Can you spot the difference?  Hint: there’s more difference in the hats than in the flags.

IMG_2701 (768x1024)It was interesting to learn that when France capitulated, New Caledonia came under Vichy law but – not keen on that at all – they had a coup toute suite and joined the Free French under De Gaulle.   And say what you like about De Gaulle, he knew how to do a rousing call to arms and heaps of New Caledonians including tribal Kanak chiefs enlisted and fought bravely against fascism.

I learned all this and much more from reading the signage, which is much more detailed in the French version.

They didn’t really have much in the way of actual exhibits, but there were two jeeps:

and IMG_2711 (768x1024)

and some bits and pieces from a soldier’s kitbag (including a book on how to speak ‘Egyptian’ in a few days…

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and what appeared to be a genuine army issue washbasin (with modern facilities discreetly behind the doors!

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Maritime Museum, Noumea, New Caledonia, Friday 8/9/17

Posted by Lisa Hill on September 8, 2017

We’ve had a great day today, starting with the Maritime Museum…

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Noumea, New Caledonia, Thursday 7/9/17

Posted by Lisa Hill on September 7, 2017

Well, we finally made it to the aquarium!

But not without a small calamity or three first…

Our first calamity was that there is no ATM in our hotel (we thought there was) and the second calamity was that taxis are hard-to get.  There was a party of eight in the lobby waiting for two taxis and we could expect to wait a while since maybe the taxis were busy.  We interpreted this correctly as ‘you’d be better off walking’.

So, ok, off we went on foot to the bank with the ATM and calamities no 3 and 4: the ATM wouldn’t accept Tim’s card and the bank wouldn’t change my dollars into local francs.  (I am not sure what this bank actually does do, but the customer before us took a very long time to do whatever it was).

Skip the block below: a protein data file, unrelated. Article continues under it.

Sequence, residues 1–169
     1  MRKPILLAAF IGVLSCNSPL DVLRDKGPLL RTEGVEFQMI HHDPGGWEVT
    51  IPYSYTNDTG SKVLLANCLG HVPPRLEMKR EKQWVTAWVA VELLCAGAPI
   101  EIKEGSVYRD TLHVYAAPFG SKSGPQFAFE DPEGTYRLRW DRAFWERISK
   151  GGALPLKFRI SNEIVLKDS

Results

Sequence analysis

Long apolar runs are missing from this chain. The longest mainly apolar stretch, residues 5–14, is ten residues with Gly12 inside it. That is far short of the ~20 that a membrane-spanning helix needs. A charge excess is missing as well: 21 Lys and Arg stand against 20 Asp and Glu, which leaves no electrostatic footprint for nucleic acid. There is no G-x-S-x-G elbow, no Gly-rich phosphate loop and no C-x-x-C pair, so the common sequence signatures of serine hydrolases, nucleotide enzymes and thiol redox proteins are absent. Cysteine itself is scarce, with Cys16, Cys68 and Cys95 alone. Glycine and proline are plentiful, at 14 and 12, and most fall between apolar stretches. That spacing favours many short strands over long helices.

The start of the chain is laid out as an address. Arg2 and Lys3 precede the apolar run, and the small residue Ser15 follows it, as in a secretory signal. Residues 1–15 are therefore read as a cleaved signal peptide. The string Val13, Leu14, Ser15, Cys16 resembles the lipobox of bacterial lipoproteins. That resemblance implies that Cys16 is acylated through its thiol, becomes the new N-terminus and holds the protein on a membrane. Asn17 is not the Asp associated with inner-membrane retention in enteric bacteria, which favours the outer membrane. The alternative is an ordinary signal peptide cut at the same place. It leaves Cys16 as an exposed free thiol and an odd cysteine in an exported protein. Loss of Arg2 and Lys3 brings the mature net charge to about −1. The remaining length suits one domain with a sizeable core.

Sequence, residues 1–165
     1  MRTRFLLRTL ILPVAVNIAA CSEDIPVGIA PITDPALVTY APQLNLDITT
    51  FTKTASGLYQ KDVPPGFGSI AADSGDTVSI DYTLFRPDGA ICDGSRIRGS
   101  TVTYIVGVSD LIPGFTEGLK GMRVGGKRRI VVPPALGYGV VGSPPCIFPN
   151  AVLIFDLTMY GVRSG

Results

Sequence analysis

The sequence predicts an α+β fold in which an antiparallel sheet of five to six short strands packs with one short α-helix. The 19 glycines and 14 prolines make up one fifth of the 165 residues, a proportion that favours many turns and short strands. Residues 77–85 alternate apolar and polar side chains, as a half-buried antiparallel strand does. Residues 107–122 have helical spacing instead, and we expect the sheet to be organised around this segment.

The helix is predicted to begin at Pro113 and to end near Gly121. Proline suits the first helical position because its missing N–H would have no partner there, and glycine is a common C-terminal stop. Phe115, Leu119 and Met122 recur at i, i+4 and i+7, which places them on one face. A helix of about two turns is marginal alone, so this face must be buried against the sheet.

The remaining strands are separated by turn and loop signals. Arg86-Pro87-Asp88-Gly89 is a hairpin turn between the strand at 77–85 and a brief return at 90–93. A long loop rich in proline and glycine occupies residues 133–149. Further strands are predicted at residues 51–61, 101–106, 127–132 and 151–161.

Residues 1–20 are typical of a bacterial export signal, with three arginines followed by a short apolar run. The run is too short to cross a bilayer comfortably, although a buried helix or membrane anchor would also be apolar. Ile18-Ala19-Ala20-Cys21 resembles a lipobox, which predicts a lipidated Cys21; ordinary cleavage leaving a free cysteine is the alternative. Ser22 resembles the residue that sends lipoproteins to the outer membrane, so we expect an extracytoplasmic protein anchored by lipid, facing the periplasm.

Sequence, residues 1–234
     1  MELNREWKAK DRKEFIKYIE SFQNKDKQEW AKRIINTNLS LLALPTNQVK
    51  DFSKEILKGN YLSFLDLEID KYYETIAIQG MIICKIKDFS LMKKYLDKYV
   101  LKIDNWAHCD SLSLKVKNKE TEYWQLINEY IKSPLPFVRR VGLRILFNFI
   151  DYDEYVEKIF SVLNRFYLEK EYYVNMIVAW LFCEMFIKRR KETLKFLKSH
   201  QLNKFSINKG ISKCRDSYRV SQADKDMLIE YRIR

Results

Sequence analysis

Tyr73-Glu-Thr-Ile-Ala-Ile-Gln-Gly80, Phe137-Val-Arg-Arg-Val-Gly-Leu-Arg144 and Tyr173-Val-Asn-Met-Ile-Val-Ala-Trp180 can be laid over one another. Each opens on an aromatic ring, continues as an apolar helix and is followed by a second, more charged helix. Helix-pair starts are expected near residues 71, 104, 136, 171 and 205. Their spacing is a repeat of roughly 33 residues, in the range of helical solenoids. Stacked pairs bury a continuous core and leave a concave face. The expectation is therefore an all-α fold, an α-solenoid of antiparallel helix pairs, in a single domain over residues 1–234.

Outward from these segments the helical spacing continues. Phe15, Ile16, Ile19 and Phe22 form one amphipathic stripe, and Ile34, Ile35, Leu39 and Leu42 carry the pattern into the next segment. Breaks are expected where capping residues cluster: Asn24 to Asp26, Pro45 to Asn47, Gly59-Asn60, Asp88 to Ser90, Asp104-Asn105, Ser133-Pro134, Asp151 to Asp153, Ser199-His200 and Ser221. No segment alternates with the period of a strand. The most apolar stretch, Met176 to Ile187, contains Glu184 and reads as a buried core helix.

So there we were, stranded, with 1000 local francs which is about enough to buy four small bottles of water.  Not enough cash to get into the aquarium, which doesn’t take cards, or for taxis, which also don’t take cards.   But lo! there was a friendly Hilton Hotel, which while not able to solve the cash problem or tell us where a Travelex might be, was able to tell us where there was an ATM into which I could put my Australian dollars and voila! out would come local francs.

I was a tad sceptical about this but in the event when we found this ATM (well hidden among some restaurants) it happily took Tim’s card and gave us some cash and all was well.  Yes, exactly the same brand of bank, exactly the same kind of ATM and exactly the same card.  Go figure.

We are not very good at tropical strolling so by then we were hot and tired and in need of a restorative G&T… at Uncle Ho’s Vietnamese Restaurant…

 

So, we had a jolly nice lunch – simple but tasty  and ridiculously cheap compared to everywhere else – and paused only for a photo opportunity with Marilyn Monroe, before tackling the next part of our walk to the aquarium.